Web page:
Jupiter's Ganymede moon can be heard from Juno spacecraft
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For more than 50 years, scientists have been puzzled about why some of the lunar rocks that were brought back from the surface of the Moon appear to have been formed inside a magnetic field as strong as that on Earth. The magnetic fields that are inside a planetary body are produced by the churning movement of material present in planets’ electrically conductive molten cores. The Moon, which is non-magnetic, has a very different composition of its core than the Earth’s, which is magnetic.
The core of the moon is dense and frozen and contains only a small outer core region that is fluid and molten.
Scientists believe that after it was formed around 4.5 billion years ago, the moon’s insides cooled fairly rapidly and evenly.
This means that it doesn’t have a strong magnetic field, while many scientists believe it never did.
However, when NASA retrieved a few of the three billion-year-old rocks during the 1968-to-1972 Apollo missions, they were shocked to find that these rocks were created inside a geomagnetic field powerful enough to rival Earth’s.
What’s more intriguing is that this magnetism was only noticed on a handful of rocks, while the rest supported the previous hypothesis and had little to no magnetism.
Scientists have tried coming up with a range of theories to explain this gap, including a theory that the Moon was bombarded by so many asteroids that the impact jolted the lunar core into fitful activity.
A new study, published in Nature Astronomy, shows that giant rock formations sinking through the Moon’s mantle could have produced the kind of interior convection that generates strong magnetic fields.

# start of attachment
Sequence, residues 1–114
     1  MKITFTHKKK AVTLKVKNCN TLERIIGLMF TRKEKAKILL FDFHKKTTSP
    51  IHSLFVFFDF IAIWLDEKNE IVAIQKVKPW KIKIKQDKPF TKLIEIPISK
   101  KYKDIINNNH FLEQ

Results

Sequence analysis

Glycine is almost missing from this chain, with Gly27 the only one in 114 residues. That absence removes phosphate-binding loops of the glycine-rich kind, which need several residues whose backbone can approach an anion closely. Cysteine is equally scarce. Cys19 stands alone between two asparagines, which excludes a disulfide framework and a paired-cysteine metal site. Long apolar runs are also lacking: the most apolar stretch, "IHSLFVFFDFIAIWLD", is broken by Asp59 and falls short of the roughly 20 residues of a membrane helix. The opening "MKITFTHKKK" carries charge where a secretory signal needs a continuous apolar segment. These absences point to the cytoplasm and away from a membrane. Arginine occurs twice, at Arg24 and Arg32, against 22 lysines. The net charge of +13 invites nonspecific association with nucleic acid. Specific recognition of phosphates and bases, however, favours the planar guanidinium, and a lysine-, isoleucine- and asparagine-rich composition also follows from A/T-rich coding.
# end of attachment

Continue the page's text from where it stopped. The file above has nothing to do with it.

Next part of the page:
Researchers believe that the processes could have produced intermittently strong magnetic fields for the first billion years of the Moon’s history.
Alexander Evans, an assistant professor of Earth, environmental and planetary sciences at Brown University , said“Everything that we’ve thought about how magnetic fields are generated by planetary cores tells us that a body of the Moon’s size should not be able to generate a field that’s as strong as Earth’s.”
“But instead of thinking about how to power a strong magnetic field continuously over billions of years, maybe there’s a way to get a high-intensity field intermittently.”
When the Moon’s core solidified, minerals like olivine and pyroxene that were denser than the liquid magma sank to the bottom, while less dense minerals like anorthosite floated to form the crust.
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The researchers found that when these heavier minerals sank to the bottom, they would have given a major jolt to the Moon’s core dynamo.
When the cool mineral blobs came into contact with hot molten core, the temperature mismatch would have driven an increased core convection.
This convection would be enough to drive a magnetic field at the Moon’s surface as strong or even stronger than Earth’s.
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